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Building a Champion: Fantasy Football and On-Boarding

It’s that time of year again.  A time when we think we know more than the experts.  We solicit advice from total strangers on issues we know nothing about in order to dominate our competition.  The money is irrelevant.  The ego runs rampant.  Relationships we thought to be indestructible are tested and frayed. It is a time of weeping and gnashing of teeth unseen since biblical times…or last year…whichever your perspective.
It’s fantasy football season.
My college buddies and I have been in the same league for many years now.  Somehow, I got roped into being the league commissioner and I am about as effective of a league executive as the head of the US Badminton Society if such a thing even exists.  For us, it’s really about the live draft ( a chance for all of us to be online at the same time to insult each other…remember, it’s a bunch of guys who’ve known each other too long.) and also those weeks where we square off against our very closest of friends.  Those are the big rivalry games.
My sub-par performance as league commish is only outdone by my team management.  In all of these years, I have had exactly one decent team and only then I picked up a sleeper RB mid-season I’d followed in college who I knew would play well when the RB ahead of him on his real team went down.  Their QB was terrible, their line was ok, and I knew my guy would get a lot of touches.  Fantasy is a lot like Moneyball in a sense that it’s about finding ways to score and get the people who are going to be put in the position to score in how scoring is kept.  He pushed me over the edge through our playoffs to be horribly embarrassed in the finals.  Horribly.  But I got there!  BOOM!
I wish I could make the smooth transition here that a blog post is supposed to make by saying “fantasy football teaches us a lot about banking because…”.  I don’t know that I can deliver the goods that way.  But what I did notice is that fantasy football destroys some of the long time management principles we all read.  Don’t get me wrong…I’m a huge fan of business and management books.  Huge.  Probably too much were I to really think about it.  But like guitars, pipes, and new releases at Penzey’s spices…if I see something new and shiny, I’m going to be instantly drawn to it.
But it all falls apart in Fantasy Football.  For one, I can’t draft WR’s to save my life.  My QB will be good…my RB’s are serviceable…my DEF is pretty good.  I sometimes am able to pick K’s pretty well.  I am both proud and humiliated to admit that probably 33% of my total victories have been snatched from the jaws of defeat by a kicker. But I lose it on WR’s.
Sometimes, the plan we make does not work.  Sometimes the team we have assembled does not work.  Sometimes the money we’ve spent on advice has as much value as a Jacksonville Jaguar trophy case.  Sometimes, the books are wrong…”best laid plans of mice and men” etc.
In community banking, we don’t always have the option of choosing from among a comparable talent pool and yet we are told one of the marks of greatness is getting the right people in place and letting them work.  Do all institutions have that option?  If not, then is it fair to denigrate them due to their lack of perceived greatness?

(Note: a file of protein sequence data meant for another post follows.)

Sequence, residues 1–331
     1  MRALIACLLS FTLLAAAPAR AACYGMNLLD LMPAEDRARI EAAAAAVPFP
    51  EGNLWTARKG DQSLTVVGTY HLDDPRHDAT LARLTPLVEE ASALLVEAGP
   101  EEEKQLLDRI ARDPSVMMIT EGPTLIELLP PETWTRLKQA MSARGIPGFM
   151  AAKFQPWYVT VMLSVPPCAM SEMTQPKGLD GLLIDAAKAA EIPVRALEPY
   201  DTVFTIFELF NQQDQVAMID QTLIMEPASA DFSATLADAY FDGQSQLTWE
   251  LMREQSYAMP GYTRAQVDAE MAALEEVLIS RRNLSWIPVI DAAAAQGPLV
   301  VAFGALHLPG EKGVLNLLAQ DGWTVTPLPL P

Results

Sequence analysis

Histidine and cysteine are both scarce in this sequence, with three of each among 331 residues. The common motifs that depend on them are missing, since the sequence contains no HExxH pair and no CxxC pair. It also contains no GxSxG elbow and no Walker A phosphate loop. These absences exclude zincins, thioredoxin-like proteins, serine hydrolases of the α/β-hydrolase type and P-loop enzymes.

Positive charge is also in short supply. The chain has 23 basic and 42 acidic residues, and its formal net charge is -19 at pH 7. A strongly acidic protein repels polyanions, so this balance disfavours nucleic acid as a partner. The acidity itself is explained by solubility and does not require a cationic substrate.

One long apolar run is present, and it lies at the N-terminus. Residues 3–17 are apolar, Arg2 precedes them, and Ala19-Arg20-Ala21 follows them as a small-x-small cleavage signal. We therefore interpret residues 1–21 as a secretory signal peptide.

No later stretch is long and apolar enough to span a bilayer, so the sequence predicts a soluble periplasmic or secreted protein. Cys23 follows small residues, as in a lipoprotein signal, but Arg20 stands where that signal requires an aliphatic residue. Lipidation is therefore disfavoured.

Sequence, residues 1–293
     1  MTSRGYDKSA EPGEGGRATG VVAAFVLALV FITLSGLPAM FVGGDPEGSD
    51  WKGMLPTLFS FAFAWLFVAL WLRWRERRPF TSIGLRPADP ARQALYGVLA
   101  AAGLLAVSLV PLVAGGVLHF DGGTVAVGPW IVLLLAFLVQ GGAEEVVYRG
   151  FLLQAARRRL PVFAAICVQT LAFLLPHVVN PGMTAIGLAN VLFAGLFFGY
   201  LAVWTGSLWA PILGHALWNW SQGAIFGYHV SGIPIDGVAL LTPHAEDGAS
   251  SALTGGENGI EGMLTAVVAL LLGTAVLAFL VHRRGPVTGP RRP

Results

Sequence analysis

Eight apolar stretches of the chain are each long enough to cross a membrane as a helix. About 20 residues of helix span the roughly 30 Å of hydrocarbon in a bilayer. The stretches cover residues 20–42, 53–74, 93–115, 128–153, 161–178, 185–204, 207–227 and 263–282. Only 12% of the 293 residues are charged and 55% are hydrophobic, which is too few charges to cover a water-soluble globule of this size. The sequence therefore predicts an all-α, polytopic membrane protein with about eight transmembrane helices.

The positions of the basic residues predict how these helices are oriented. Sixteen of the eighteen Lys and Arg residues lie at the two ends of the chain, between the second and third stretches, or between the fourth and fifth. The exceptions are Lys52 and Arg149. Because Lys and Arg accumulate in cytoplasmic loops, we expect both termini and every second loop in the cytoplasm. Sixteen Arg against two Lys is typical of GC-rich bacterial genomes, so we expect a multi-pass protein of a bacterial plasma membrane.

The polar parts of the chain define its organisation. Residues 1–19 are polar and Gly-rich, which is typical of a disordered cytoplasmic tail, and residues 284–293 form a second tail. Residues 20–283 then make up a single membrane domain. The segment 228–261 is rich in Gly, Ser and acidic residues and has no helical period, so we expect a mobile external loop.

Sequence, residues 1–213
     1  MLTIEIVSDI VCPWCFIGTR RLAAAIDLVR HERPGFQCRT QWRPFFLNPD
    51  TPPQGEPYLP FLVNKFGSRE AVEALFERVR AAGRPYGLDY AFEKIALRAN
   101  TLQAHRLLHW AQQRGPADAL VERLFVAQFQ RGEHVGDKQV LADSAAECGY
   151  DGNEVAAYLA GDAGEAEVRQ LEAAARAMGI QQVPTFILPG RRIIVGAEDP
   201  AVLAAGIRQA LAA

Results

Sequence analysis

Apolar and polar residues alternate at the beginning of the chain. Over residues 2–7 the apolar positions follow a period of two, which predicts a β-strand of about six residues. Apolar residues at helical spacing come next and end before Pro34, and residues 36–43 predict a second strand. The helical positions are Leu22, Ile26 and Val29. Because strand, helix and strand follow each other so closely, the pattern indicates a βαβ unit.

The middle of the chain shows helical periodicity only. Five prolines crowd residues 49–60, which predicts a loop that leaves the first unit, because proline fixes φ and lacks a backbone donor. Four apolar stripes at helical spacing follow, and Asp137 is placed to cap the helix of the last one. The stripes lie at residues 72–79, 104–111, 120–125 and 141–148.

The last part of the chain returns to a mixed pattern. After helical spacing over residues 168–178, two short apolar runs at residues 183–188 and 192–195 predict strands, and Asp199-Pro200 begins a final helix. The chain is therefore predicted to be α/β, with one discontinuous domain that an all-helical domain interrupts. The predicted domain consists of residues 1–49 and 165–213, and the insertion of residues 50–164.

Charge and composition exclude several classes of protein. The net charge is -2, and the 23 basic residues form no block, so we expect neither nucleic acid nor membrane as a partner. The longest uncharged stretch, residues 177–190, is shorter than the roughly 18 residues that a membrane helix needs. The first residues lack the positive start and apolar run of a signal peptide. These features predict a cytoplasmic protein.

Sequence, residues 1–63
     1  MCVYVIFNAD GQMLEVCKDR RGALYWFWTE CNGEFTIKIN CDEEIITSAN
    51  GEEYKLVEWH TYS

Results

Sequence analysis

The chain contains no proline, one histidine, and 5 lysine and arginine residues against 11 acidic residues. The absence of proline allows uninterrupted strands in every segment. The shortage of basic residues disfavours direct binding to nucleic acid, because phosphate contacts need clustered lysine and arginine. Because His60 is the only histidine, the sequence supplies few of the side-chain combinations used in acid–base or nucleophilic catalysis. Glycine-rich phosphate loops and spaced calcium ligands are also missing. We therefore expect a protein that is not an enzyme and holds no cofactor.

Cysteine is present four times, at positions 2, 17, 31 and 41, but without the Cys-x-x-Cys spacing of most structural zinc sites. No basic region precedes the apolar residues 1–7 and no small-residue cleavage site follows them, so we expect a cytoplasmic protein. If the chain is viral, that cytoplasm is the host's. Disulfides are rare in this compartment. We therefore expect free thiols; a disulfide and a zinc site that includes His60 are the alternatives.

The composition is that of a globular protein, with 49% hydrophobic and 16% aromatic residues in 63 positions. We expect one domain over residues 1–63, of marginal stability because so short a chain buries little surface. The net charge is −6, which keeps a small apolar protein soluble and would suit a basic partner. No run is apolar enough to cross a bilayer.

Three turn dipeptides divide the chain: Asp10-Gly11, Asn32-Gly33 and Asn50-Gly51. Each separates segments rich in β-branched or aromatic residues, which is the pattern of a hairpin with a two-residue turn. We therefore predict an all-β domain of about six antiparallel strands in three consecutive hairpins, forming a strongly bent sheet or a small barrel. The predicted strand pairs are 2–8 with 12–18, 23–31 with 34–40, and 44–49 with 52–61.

Where the fantasy football analogy falls apart is we have the option to coach up our team.  I can’t tell you how many times I’ve wished I could pull my WR’s aside and have a “coaching moment” with them.  (This is the nice way to say it.  Kelly, my wife, would call it a “loud screaming fit at the TV to other grown men who can’t hear you!”  Same difference!).  We can do that in business.  The talent pool is not an egalitarian environment in banking.  On-boarding, however, is the great equalizer.  It is where we can teach our playbook, our culture, our strategy, set up scenarios for learning and development, and create greatness.  Banking is not a fair game.   Not all banks have the same “bench” from which to draw upon to build a championship team.  Those have to be developed with the “players” we have available and we have the opportunity to train, develop, and nurture those players into a champion.
So, pay attention to your on-boarding processes.  It’s never too late to reboot that or start fresh.  Everyone from the C-suite to the teller row would not mind a refresher at times on the basics.  Start by “re on-boarding” your existing team.  That’s the low-hanging fruit there.  Ask what they need and what they want.  We’ll be talking more about on-boarding on the podcast and in the blog more, so we’ll be thinking about this a lot more.
For those of you who have been sucked into the fantasy football world, best of luck to you.  For those of you who are smarter than we are, please forgive us come Mondays and Tuesdays.  We can’t help it!


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Byron Earnheart is the Programming Director for the Barret School of Banking in Memphis, TN and the host of the “Main Street Banking” podcast…the only podcast solely devoted to community banks. He has over 15 years experience in the financial services industry; 11 of which have been in banking in various roles from teller work to branch management. He spends his time playing guitar and singing in Delta Heart (the “house band of the Mississippi Delta”), writing music, cooking, reading, and enduring the University of Tennessee Volunteers athletic seasons. He is married to his wife Kelly of 11 years and has two children, John Aubrey (11) and Mary Laura (7). If you'd like to hear Byron's music, check him out on Spotify:
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